There are places where the translation produces a readable text at the expense of representing the idiosyncrasies of the Old English translators’ style. In Pantaleon (535-571), for instance, the Old English habitually introduces scenes with And þa... (“And then...”). Omitting this phrase results in a more fluid narrative, but feels like it obscures the different voices that have each been so thoughtfully edited here. Likewise, the repeated use of nædre in one of Machutus’ adventures (260-263) becomes “dragon” when referring to the creature being encountered and “serpent” in the translation of Christ’s words in Luke 10:19. The Old English translator is here making a deliberate connection between Christ’s promise and Machutus’ actions, hence the subsequent shift to draca later in the episode, a nuance that is lost by the management of it into a clearer translation. But 650 pages of text and translation is bound to invite multiple disagreements in choices made, and the overarching objective of clear and readable texts is indisputably achieved. I should note, too, that tone is sometimes wonderfully conveyed: I particularly enjoyed the translation of Mary of Egypt’s description of her past self on þam bryne forligeres licgende as “lolling in the fire of promiscuity” (402-403).

It is a little frustrating that information about the texts is in three different parts of the volume: the Introduction (vii-xxxix) gives details about saints and sometimes also comments on manuscripts and language; the Note on the Texts (653-671), introducing the detailed notes on manuscript variation, focuses on manuscript and editorial context; the Notes on the Translations (715-750) comment on matters of textual and historical interest. Not many readers are likely to read the volume through from start to finish, but for those who do, it would have been helpful to have three or four integrated bookmarks rather than the series standard one!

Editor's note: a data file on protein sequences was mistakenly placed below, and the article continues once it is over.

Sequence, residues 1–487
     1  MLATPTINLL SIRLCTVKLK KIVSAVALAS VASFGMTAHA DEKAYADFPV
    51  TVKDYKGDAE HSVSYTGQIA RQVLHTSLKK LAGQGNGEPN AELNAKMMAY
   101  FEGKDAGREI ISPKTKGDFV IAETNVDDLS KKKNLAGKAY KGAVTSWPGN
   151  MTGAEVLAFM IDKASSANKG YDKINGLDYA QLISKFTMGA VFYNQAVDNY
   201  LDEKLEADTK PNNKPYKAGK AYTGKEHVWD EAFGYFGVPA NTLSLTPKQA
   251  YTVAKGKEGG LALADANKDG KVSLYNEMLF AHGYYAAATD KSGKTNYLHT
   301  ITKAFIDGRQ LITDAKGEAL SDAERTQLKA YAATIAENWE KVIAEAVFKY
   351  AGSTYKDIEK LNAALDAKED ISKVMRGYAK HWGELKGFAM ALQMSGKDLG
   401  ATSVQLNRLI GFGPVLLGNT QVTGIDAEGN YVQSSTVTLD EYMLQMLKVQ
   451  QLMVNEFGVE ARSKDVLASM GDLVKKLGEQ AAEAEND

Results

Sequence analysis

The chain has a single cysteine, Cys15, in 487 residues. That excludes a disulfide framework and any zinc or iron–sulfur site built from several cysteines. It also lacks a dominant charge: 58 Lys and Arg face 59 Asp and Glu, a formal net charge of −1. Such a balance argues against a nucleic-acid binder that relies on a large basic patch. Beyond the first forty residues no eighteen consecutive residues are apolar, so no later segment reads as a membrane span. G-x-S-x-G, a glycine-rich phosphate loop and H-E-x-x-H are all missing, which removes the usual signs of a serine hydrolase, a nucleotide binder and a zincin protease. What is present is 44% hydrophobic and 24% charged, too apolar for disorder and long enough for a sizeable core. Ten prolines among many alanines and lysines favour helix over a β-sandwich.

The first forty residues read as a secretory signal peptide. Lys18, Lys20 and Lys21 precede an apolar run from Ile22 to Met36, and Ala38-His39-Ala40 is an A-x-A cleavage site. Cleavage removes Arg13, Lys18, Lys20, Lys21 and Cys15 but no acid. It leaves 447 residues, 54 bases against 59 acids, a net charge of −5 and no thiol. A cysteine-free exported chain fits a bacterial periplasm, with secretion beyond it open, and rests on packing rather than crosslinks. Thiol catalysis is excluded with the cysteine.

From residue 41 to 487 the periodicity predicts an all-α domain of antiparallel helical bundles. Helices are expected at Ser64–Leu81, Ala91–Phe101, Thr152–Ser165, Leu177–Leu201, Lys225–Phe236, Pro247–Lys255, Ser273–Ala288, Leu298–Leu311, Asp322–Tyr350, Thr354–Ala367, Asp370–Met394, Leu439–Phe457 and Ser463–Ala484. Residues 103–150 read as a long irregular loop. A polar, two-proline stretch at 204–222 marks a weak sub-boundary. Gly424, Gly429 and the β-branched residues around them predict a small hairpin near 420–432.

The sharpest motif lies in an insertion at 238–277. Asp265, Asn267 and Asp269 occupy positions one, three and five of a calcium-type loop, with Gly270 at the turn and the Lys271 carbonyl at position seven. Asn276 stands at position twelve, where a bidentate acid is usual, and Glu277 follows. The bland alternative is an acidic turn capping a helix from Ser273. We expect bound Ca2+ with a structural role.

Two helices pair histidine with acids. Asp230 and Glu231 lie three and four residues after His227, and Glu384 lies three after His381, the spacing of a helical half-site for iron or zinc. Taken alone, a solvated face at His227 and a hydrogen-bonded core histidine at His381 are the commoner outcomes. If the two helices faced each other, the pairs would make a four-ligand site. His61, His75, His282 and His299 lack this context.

The rationale of the volume within the Dumbarton Oaks series is clearly explained, and of course limits had to be set on what would be included in this volume. There are some slightly disappointing decisions here; I find it especially unfortunate that Christopher is not included here, on the basis that an incomplete copy of his life is included in R. D. Fulk’s edition of texts from Cotton Vitellius A. xv. [1] The incipit and explicit of Margaret’s Life from Cotton Otho B. x as preserved in Wanley’s transcription is edited here; it is disappointing that the incipit of Christopher, also preserved by Wanley and not included in Fulk’s edition, does not feature. [2]

These quibbles aside, this volume is a truly monumental achievement. It not only achieves the by-now standard practicality of the series; it also brings together genuinely obscure and vastly understudied texts together with more well-known pieces and renders them all readable and accessible. By contextualizing anonymous Old English saints’ lives with one another, it also calls attention to both the consistency of early medieval interest in hagiography and to the varied nature of that interest, with different styles and modes of translation on display. It is a fine platform for further and deeper exploration of translation practices, manuscript culture, linguistic variation, and hagiography in the period and is indispensable for any scholar working on or teaching these issues.



1. R. D. Fulk, ed. and trans., The “Beowulf” Manuscript: Complete Texts and “The Fight at Finnsburg,” Dumbarton Oaks Medieval Library 3(Cambridge, MA.: Harvard University Library, 2010).

2. Humphrey Wanley, Librorum veterum septerntrionalium catalogus (Oxford: Sheldonian Theatre, 1705). The Margaret sections are on pp. 192-193; Christopher on p. 191.